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Who’s in the Poo?

News release
02 December 2014

A project to collect and analyse animal scat samples from Venus Bay Conservation Park is providing valuable research on the habits of feral animals in the park.

Natural Resources Eyre Peninsula Project Officer, Tayla Bowden said scats have been collected on an ongoing basis since 2006 and their contents analysed to uncover the diets of feral predators.

“Most of the scats collected were feral cat scats with few fox scats found,” she said.

“The analysis of hair found in the feral cat scats identified their main food source or prey was rabbits followed closely by mice and birds.

“Also of interest was a cat scat that contained traces of the Fat-tailed Dunnart.”

Ms Bowden said the Fat-tailed Dunnart is a species of marsupial native to Australia, which resembles a mouse but is actually more closely related to the quoll and the Tasmanian devil.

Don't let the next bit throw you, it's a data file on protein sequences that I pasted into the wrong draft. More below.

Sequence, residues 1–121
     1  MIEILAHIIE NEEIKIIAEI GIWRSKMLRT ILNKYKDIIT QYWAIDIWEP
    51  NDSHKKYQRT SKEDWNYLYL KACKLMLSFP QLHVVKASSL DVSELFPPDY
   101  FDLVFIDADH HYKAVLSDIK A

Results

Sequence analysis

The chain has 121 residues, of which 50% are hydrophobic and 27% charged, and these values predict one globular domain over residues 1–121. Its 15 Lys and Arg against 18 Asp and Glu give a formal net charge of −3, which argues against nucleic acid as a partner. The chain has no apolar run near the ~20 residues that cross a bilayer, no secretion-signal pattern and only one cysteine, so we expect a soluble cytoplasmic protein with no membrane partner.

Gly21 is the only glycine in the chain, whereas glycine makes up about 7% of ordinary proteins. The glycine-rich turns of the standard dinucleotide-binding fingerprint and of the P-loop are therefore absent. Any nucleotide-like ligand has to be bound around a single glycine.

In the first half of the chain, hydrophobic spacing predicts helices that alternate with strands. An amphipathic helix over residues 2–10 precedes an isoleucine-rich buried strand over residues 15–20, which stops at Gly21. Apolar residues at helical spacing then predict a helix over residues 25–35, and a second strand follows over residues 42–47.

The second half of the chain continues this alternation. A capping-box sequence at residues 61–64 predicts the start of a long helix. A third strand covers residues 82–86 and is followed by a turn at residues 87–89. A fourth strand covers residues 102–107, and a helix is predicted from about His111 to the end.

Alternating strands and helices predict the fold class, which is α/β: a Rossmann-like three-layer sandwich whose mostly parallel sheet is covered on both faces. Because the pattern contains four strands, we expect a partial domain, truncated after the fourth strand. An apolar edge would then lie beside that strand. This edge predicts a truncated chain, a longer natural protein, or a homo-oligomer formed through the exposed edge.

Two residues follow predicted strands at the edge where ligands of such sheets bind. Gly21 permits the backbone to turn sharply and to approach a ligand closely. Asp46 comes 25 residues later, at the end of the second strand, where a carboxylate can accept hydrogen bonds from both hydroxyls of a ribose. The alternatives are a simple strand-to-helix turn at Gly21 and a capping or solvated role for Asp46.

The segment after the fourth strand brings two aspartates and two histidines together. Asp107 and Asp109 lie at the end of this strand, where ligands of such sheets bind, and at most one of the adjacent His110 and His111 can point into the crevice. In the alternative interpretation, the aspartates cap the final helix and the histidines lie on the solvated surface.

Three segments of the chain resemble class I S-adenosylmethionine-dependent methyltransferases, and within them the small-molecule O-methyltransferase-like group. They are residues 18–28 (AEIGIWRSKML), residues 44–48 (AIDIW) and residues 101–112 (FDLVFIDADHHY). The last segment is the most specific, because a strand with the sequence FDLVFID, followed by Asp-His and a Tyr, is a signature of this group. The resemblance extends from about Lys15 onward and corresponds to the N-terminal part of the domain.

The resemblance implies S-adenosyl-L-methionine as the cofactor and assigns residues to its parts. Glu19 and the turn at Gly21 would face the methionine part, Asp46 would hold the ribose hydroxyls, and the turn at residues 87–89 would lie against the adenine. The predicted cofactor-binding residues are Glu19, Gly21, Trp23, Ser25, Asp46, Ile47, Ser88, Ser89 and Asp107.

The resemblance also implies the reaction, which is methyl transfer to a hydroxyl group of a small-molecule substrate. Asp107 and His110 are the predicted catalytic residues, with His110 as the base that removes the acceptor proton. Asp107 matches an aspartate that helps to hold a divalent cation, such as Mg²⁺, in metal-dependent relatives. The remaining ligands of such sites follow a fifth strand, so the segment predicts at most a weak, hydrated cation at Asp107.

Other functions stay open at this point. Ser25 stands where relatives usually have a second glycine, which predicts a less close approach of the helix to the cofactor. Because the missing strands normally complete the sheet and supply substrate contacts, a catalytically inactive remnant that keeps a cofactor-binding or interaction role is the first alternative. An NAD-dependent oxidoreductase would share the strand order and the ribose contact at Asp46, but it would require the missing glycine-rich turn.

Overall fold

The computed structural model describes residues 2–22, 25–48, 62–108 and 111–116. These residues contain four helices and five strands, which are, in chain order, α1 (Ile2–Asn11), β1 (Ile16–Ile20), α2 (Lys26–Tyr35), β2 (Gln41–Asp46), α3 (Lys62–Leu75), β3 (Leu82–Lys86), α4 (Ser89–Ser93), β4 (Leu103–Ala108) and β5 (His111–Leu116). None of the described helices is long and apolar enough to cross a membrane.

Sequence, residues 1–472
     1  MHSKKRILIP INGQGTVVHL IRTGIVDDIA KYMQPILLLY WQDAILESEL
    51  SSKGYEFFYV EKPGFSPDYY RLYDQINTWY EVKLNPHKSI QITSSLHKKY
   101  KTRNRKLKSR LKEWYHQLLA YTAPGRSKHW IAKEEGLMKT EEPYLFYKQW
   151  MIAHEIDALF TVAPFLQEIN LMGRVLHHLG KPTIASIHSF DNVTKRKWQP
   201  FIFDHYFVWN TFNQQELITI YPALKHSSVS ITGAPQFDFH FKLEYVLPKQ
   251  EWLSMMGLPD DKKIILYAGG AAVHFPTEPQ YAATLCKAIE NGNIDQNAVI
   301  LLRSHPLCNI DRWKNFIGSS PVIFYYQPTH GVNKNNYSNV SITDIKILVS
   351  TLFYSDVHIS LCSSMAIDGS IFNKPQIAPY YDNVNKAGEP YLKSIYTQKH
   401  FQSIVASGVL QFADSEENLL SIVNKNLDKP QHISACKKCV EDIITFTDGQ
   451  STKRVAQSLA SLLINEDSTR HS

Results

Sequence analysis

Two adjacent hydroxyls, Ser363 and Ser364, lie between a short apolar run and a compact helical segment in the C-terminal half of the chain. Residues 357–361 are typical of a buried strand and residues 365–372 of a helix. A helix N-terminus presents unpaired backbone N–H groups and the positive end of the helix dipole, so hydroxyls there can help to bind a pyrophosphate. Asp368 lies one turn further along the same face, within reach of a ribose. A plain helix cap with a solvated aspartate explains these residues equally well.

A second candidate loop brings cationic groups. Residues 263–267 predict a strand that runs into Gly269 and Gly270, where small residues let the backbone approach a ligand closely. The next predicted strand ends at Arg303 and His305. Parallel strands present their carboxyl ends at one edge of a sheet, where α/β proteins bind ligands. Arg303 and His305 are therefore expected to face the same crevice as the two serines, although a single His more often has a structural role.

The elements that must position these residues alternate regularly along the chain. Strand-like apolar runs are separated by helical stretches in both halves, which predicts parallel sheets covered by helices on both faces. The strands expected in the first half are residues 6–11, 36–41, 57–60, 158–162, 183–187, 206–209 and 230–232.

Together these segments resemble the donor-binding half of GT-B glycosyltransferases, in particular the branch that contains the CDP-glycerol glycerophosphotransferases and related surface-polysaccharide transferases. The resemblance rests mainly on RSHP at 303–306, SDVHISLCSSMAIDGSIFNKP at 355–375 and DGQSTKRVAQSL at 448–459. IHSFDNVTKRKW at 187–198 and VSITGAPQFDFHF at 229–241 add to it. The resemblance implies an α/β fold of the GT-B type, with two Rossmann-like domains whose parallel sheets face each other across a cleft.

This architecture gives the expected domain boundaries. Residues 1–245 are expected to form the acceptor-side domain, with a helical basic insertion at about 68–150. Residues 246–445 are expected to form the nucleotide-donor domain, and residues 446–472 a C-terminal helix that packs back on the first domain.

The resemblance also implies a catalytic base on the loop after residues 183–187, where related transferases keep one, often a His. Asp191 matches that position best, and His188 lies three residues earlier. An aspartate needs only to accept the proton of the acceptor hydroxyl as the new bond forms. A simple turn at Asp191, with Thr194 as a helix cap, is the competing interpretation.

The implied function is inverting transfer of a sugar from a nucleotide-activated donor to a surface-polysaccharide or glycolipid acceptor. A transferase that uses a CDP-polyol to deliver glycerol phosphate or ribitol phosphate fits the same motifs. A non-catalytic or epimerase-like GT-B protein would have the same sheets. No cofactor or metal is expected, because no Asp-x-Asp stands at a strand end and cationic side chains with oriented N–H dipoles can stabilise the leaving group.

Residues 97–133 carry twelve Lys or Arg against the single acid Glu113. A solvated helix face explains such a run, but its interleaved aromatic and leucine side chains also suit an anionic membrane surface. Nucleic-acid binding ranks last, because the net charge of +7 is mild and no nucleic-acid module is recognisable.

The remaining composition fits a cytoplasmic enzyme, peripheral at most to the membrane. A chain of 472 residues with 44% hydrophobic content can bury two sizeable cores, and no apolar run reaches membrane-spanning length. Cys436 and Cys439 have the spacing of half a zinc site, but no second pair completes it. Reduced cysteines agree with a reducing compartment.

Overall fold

“Also found in the scats were a number of traces of bone fragments, but it is unknown what species the bone belong to.

“It is possible they were from reintroduced bilbies and bettongs present in the park. However, assumptions are limited due to the small sample size.

“Foxes were found to have eaten western grey kangaroos.

“Currently more scats are being collected for further investigation.”

Ms Bowden said the results emphasise the need to keep up feral animal control in the park.

“It is good to know that these little Fat-tailed Dunnart were still present in the park when the scats were collected,” she said.

”We are increasing efforts to control feral cats inside Venus Bay Conservation Park to try and lessen their impact on our native species present in the park, such as the Greater Bilby, Brush-tailed Bettong and Fat-tailed Dunnart.

Find out more information on Venus Bay Conservation Park.

Find out more information on native species or call the Streaky Bay office on 86261108

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Di DeLaine

(08) 8688 3111